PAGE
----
Monday, September 1, 2014

Another Week of Beetsdown Training

To my UK and Australian readers, pardon my past indiscretions. They were the result of ignorance. Really, I am not that crude. In America that word simply means "hitting the wall." Having now been more perfectly informed, however, I vow to think better, do better, write better. Not only that, but in my quest once more to defeat Randy Beets, I even vow to train better.

I know Randy has been ill and, consequently, he has sought to lower expectations. However, we are not world-class pool swimmers where things like starts, flip turns, reaches for the wall make the difference between victory and eight place. Furthermore, our races are not decided by hundreths of a second that are won by years of training. In short, Randy is a young man who has been improving at leaps and bounds. If he trains smart, not just hard, he can still be in very good, if not top form by early October. I, therefore, am not coasting to a presumed victory. I am training diligently for what I think will be an epic struggle.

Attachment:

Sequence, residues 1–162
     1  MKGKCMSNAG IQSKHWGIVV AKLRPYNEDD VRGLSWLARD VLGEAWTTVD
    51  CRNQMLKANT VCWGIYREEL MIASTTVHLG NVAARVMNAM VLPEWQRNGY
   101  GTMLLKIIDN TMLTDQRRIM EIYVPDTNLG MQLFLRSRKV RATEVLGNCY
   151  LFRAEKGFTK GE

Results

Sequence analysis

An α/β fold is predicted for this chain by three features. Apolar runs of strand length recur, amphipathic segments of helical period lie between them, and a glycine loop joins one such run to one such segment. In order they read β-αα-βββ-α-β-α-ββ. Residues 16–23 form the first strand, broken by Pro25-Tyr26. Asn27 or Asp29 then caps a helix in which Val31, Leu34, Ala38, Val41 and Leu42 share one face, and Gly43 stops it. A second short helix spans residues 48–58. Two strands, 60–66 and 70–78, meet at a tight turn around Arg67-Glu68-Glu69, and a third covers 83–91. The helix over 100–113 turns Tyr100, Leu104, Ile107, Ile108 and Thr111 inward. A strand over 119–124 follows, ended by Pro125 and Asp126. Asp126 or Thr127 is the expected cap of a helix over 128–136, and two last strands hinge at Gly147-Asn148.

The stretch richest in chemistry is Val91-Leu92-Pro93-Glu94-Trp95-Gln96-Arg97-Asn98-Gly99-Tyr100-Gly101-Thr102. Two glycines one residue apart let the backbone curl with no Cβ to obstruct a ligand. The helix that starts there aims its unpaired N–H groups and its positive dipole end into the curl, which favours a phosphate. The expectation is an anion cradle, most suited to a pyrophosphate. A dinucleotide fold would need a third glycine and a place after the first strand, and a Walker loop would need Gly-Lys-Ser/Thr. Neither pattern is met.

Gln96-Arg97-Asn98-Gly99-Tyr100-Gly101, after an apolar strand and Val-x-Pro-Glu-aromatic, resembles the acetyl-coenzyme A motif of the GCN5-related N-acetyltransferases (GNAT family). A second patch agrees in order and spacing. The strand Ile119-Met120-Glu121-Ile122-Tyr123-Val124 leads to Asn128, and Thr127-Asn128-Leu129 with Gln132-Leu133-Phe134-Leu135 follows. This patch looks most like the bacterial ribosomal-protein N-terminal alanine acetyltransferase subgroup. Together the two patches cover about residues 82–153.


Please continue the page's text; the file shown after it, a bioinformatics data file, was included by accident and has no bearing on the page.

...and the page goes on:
For each of the last three years, the margin of victory between us has closed. When we both did this event our first time in 2011, I smashed Mr. Beats by nearly an hour. In 2012, the gap had closed to around twenty minutes. Last year, Randy took the lead and held it for four miles before I caught him. We then swam side by side for approximately a half mile, fighting each other like a couple of well-trained pit bulldogs. It was grand fun. When I finished and climbed out of the water, Randy Beets was only minutes behind. Yes, I am feeling some pressure, and yes, I am hoping for a full recovery and good training for my rival and nemesis.

Monday, I went to the pool. I had Randy Beets in mind the whole time I swam up and down the lane. My buddy, John Misterfeld, and I met up at Twin Rivers and started our workout about 2:00 o'clock. I warmed up with 2,200 meters straight and then drank some Gatorade, set my watches, and got my mind right for my Beetsdown set. I started with the set of 100 meter repeats at 1:56 for the first seven and then they slowed to 1:57. This set makes me swim at my CSS (critical swim speed, which is about 1:40-1:45 per hundred.) I find that pace a bit difficult. But after having done this set, in various forms, for several weeks now, it is getting easier, much easier. Not only that, but my endurance at that speed is growing by leaps and bounds like Randy Beets' ego.